• Irati Toscano

    But for me, the idea of not writing (which is my passion) to make a living makes the perspective of my life miserable. I don’t want to teach to stupid kids how to pronounce this or that or how to spell this or that…!
    So, if the first years I do have to write what others want and not my own things, it’s worth it because I know (I want to know) that in the end it’ll have some value and I’ll be an amazing creator of fantastic stories! :)

  • Khloe O’Campo

    I always thought I had passion, but realized I enjoy a little of a lot of stuff, which I had no idea how to craft into a career. Also, graduating with a BA in English didn’t provide a lot of job opportunities. Lo and behold, it was my parents that helped pave my path. After graduation I had two options, (ya, at 22 years old I was still the family pleaser), they would pay for law school or I would get a job at my alma mater and apply to grad school, so I could tuition would be covered. Well, skipping out on four different LSAT test preps after 3 weeks and breaking out with shingles the week before the LSAT was a huge indicator that law was not my chosen destination. Long story short, I found a happy medium working at my alma mater, so I completed my master’s degree in higher education without loans (extremely rare), promoted a few times and with that bought a house a little over a year ago :) So, it wasn’t my passion per se, but I found an interest in it and created a career path. My job has given me an incredible life balance. I enjoy my colleagues (a huge factor when applying to jobs is turnover rate), but I also am super excited to jet out of my office at 5pm and get home to my hubby and puppy. My job is not life or death, so I have fun while working, take a few moments for pinterest and hellogiggles :) and get my work done. I found a position where I can travel a little, write, talk to people all day and in the end I can leave it at my desk for the next day. My path has worked out because I took advantage of opportunties. Good luck!!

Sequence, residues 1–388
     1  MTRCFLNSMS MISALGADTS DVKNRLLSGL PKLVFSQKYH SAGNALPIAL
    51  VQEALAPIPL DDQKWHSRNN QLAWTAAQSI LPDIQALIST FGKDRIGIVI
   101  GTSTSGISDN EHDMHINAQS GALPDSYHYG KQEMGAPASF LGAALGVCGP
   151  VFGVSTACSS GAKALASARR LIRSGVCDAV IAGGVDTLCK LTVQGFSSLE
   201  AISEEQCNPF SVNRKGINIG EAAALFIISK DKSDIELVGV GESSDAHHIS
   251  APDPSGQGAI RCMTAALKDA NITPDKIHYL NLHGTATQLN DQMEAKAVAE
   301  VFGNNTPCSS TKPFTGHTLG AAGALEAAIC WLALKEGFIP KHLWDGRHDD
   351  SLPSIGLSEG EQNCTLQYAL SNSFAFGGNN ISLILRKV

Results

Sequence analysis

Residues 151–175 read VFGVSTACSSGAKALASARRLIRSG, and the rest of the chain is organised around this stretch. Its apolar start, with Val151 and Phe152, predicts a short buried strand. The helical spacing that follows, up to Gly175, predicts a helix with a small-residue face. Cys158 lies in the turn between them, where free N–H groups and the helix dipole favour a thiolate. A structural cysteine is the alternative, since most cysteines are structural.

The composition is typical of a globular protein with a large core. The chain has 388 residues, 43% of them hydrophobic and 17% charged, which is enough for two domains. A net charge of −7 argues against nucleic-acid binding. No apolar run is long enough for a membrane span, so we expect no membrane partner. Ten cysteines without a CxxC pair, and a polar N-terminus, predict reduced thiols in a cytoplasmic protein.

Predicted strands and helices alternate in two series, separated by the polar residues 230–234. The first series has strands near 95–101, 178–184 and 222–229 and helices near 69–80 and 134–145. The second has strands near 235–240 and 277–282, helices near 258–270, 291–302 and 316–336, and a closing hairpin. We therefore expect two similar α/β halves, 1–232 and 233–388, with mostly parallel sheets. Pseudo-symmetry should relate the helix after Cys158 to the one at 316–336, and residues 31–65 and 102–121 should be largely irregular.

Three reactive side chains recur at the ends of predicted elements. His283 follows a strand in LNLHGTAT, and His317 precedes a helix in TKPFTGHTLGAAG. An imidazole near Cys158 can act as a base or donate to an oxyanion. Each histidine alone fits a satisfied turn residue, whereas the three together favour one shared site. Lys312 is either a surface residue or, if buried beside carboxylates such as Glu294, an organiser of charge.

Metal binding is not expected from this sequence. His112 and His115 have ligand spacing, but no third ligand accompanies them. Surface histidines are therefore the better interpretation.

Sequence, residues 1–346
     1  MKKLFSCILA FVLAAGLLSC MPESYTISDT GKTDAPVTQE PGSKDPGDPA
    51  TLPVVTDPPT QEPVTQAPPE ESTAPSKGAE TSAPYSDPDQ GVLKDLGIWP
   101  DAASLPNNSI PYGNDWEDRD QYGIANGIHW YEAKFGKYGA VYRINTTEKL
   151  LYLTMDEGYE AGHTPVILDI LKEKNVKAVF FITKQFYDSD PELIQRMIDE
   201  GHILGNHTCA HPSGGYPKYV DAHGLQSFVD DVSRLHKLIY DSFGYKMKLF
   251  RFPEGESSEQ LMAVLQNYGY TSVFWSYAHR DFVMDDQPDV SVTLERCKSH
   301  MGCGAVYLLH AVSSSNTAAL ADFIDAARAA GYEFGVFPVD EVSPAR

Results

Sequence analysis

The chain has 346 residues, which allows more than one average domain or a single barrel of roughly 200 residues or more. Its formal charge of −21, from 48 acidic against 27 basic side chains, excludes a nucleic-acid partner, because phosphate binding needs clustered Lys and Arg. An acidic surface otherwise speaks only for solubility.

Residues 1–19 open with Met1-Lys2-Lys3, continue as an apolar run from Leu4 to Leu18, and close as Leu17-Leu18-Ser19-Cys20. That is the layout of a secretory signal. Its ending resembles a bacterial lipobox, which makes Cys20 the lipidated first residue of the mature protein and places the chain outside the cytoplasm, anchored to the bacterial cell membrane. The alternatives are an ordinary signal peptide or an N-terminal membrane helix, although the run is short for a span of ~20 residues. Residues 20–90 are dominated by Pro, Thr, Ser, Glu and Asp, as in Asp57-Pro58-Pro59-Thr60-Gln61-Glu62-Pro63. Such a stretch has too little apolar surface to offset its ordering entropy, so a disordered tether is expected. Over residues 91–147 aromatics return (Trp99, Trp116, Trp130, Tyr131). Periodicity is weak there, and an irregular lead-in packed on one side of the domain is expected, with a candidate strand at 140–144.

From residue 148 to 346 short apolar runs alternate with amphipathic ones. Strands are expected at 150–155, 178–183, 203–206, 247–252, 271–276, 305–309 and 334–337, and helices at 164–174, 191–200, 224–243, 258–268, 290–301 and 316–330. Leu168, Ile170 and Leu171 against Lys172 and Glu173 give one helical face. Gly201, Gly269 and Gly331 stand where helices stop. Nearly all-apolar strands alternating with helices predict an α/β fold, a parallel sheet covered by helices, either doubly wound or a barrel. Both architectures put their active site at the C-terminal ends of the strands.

• Lauren Fuchs

    I totally agree with keeping your passion and profession separate! And I’ve wondered about this same question A LOT! “Would the world be better if money didn’t exist?”

  • Samantha Jorritsma

    I agree too with keeping your passion(s) separate from your profession. I went to school for art and after graduating landed a graphic design job, which I thought would be a great fit. I eventually hated it because I HAD to do it and I usually had to sacrifice my own ideas and visions for the client. It also left me with no creative energy to do my own thing after work. Now I’m in a field that is quite the opposite of anything creative, but allows me to put my energy into the art I want to do without any of the pressures of deadlines and clients. I think it’s awesome if someone’s passion can become their profession and that they still enjoy it for the most part, but it’s not for everyone. Also, by taking the pressure off of turning your passion into a profession, and instead pursuing it outside of a work setting, it can sometimes develop into a really great thing: ie. writing a wildly successful novel (on your own terms), rather than writing required articles for a newspaper. Whichever route you choose, all the best in your pursuits :)

  • Maria Andrea Hernandez-Venegas

    “J.K. Rowling style,” this is my life ambition. Awesome article. A good, and that was a good one, Harry Potter reference is always a treat for me.

  • Rachel Feldbloom

    1-Only temporarily
    4-If it wasn’t money, it would be something equally evil
    5-Yes to 1984 and why not? to HIMYM
    6-It’s actually great for inspiration
    7-They’re tacky (things like short shorts are too, but they’re popular right now. Panty lines will have their moment of glory too)
    8-Hell no
    9-If only
    10-When you’ve asked something a bunch of times already, but zoned out during the answer (every single time) and then ask the question again – THAT is a stupid question.

  • Penelope Dawn

    Hmm a copy of 1984 keeps showing up on my couch and How I Met Your Mother keeps staring at me from my queue. Instead I watch Buffy because I don’t have to brain capacity to get into something new right now. (Also good excuse for blowing off 1984?)

    I agree with a previous poster; I couldn’t imagine a life where I could be happy NOT writing for a living. But I’m in a tricky situation where I was laid off from my last lame ass office job (which I actually enjoyed for a time) and I’ve just had my 2nd baby in as many years. I feel like I’d be doing myself (and my family) a disservice if I didn’t give this writing thing a real shot.